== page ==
The Return of the King, Book VI, Chapter 2 "The Land of Shadow"

There are of course examples of Lieutenant rank in Mordor, like Lieutenant of Barad-dûr, a Black Númenórean known as Mouth of Sauron, sorcerer, herald and ambassador of Mordor; a man "more cruel than any Orc" but still a mortal man of enhanced race and abilities. Another is Lieutenant of Minas Morgul known as Gothmog (not to confuse with the ancient Lord of Balrogs, servant of Morgoth who often fulfilled the role of field general), but his kind is not revealed. We don't know what race he was; certainly he was second-in-command of the Witch-king who ruled the fortress (there was also force of cavalry in there, riders on horses robed in black, most likely Men possibly so corrupted that the power in Morgul Vale did not affect them as much "because of the evil that dwelt in that valley, where the minds of living men would turn to madness and horror"). Also Orcs stationing in those strongholds were well equipped, those of Barad-dûr were 'heavy-armed' ("A troop of heavy-armed uruks from Barad-dûr...") and those of Minas Morgul had fine and well-fit gear bearing emblem of the fortress.

The Orcs can give aid to each other in certain circumstances, even keep their word but also slip into in-fightings. There are Orcs who were bred to service, those recruited from pre-existing population, and they have varying degrees of loyalty and sense of duty. Some as seen in one quote are dutiful soldiers who would discipline others at the sign of 'rebel-talk' others have their own motivations and purposes. There are those who fulfil orders and those who serve unwillingly:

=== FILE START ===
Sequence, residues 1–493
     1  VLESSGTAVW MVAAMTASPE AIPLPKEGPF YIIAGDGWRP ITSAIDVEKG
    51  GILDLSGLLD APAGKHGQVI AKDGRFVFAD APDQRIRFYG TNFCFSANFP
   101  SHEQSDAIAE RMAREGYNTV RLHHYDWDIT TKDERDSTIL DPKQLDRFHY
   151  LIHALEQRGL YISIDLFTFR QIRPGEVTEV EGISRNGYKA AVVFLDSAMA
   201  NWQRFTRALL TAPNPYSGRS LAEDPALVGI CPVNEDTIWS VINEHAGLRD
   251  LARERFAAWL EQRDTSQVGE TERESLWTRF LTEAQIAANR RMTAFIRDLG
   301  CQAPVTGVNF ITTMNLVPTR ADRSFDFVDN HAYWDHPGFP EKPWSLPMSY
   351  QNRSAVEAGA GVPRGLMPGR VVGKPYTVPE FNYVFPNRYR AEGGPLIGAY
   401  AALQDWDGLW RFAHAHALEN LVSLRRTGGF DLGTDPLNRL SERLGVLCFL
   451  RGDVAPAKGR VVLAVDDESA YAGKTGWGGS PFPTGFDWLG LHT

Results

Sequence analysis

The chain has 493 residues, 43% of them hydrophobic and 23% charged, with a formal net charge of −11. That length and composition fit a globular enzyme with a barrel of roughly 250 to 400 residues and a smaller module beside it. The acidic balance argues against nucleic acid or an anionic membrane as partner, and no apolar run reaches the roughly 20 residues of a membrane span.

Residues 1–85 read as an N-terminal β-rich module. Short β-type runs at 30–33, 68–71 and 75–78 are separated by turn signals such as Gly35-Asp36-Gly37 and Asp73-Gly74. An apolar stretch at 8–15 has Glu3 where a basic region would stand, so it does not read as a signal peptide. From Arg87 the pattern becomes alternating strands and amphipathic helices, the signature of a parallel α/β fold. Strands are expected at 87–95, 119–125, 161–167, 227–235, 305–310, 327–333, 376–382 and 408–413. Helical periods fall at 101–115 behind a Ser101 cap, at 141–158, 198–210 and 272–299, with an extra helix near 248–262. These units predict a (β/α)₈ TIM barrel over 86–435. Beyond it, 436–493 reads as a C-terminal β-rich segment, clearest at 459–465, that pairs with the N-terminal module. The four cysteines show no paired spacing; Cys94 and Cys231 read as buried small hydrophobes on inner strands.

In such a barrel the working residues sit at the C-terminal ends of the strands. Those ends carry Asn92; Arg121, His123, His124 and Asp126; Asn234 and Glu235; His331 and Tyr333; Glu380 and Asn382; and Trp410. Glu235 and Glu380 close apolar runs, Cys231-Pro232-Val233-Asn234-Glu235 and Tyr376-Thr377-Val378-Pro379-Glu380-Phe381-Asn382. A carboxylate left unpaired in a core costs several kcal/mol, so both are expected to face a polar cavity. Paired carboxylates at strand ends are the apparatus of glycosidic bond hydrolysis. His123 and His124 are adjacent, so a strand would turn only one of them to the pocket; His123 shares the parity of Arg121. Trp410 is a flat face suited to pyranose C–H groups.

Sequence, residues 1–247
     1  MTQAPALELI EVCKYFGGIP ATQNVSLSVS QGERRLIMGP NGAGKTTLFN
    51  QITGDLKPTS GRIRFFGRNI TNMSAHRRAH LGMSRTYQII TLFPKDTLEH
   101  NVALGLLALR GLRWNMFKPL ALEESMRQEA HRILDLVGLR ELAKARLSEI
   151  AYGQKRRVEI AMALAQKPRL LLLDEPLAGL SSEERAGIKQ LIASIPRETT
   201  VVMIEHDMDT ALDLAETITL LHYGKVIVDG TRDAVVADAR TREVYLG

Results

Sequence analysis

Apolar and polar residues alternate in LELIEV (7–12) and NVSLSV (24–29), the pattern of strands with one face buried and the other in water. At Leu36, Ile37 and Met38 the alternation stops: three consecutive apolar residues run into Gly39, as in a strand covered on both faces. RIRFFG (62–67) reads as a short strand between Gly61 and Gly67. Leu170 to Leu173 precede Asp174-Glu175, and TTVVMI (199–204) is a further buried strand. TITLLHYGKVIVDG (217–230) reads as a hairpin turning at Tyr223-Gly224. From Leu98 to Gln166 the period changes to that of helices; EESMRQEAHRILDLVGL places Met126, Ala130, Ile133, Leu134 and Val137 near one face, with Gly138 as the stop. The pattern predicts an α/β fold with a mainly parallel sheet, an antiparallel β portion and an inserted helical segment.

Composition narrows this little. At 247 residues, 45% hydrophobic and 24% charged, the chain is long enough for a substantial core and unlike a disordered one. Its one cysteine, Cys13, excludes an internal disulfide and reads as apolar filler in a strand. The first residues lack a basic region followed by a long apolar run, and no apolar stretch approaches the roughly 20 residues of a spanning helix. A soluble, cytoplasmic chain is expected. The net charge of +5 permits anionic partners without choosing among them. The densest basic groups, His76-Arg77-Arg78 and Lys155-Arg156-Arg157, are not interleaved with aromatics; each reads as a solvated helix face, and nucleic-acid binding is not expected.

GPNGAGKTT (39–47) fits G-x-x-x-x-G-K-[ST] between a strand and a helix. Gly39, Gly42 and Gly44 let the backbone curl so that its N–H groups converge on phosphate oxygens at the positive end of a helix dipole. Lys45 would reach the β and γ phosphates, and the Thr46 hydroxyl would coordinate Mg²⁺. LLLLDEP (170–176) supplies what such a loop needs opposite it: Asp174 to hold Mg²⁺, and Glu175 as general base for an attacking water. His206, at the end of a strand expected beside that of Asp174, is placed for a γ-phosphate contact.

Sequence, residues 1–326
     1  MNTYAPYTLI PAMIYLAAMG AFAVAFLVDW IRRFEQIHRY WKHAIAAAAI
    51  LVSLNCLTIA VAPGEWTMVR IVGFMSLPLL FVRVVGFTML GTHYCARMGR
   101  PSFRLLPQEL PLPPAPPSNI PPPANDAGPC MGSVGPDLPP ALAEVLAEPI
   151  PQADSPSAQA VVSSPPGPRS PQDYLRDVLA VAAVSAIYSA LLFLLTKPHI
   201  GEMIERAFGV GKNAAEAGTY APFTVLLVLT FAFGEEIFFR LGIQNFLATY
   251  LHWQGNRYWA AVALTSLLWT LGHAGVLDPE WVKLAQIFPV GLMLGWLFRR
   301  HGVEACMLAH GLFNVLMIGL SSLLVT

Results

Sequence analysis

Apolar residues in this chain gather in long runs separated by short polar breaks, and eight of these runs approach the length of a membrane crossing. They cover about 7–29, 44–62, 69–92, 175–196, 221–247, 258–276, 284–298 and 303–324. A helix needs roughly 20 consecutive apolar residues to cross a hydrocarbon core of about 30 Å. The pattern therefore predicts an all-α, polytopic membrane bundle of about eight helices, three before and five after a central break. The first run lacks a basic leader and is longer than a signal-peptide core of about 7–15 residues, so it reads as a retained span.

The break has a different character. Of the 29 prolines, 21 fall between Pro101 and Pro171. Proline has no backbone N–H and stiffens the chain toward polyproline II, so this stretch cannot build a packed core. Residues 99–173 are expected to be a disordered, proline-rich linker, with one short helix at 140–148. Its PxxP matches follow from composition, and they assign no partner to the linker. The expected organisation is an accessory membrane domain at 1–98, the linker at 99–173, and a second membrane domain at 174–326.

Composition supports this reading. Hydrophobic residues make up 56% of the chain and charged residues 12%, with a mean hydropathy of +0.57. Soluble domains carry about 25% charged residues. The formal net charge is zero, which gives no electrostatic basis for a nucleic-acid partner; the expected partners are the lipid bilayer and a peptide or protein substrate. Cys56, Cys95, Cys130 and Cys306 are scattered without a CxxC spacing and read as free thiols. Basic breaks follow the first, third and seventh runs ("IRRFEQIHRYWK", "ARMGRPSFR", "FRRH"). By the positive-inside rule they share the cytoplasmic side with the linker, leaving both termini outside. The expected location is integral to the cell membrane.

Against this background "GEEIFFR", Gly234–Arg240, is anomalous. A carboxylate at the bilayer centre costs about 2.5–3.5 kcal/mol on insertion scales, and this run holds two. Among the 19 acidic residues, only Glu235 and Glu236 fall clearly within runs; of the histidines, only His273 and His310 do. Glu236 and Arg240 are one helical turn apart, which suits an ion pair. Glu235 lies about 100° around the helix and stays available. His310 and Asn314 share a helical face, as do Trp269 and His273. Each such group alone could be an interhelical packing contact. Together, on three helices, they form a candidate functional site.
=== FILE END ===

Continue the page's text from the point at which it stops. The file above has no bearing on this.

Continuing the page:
They were a gang of the smaller breeds being driven unwilling to their Dark Lord's wars; all they cared for was to get the march over and escape the whip. Beside them, running up and down the line, went two of the large fierce uruks, cracking lashes and shouting.


Sauron can of course enforce order and efficiency in all operations, as he is micro-managing his realm, and his mental powers allow him to dominate minds of Orcs often to such extent that they can become almost mindless for a time after his will is removed. Of course as mentioned there is still in-fighting in Mordor either because keeping all of them in total mind control is a straining task and he does not control them that way all the time or it's a by-product of him filling them with "hate and fury" so to make them fight better. :) When such control is removed the Orcs might neglect their orders or engage in as independent beings, but it is always easy for Sauron to dominate his creatures and servants. For Sauron Orcs are useful slaves and he has them in plenty.

The Orcs in independent communities act more like gangs of robbers, raiding Vale of Anduin for slaves and spoils. As we see them in 'natural environment' so to speak:

It was lit by a great red fire in the middle, and by torches along the walls, and it was full of goblins. They all laughed and stamped and clapped their hands, when the dwarves (with poor little Bilbo at the back and nearest to the whips) came running in, while the goblin-drivers whooped and cracked their whips behind. The ponies were already there huddled in a corner; and there were all the baggages and packages lying broken open, and being rummaged by goblins, and smelt by goblins, and fingered by goblins, and quarreled over by goblins.

The Hobbit, Chapter 4 "Over Hill and Under Hill"

The Orcs can also share things, help each other out in some measure:

'I gave him better than I got, but he knifed me, the dung, before I throttled him.

The Return of the King, Book VI, Chapter 1 "The Tower of Cirith Ungol"

"D'you remember old Ufthak? We lost him for days. Then we found him in a corner; hanging up he was, but he was wide awake and glaring. How we laughed! She'd forgotten him, maybe, but we didn't touch him—no good interfering with Her."

The Two Towers, Book IV, Chapter 10 "The Choices of Master Samwise"

"Mauhúr and his lads are in the forest, and they should turn up any time now".

The Two Towers, Book III, Chapter 3 "The Uruk-Hai"

(when Ugluk was waiting for reinforcements, they arrived to help in fight with Rohirrim but did not succeed)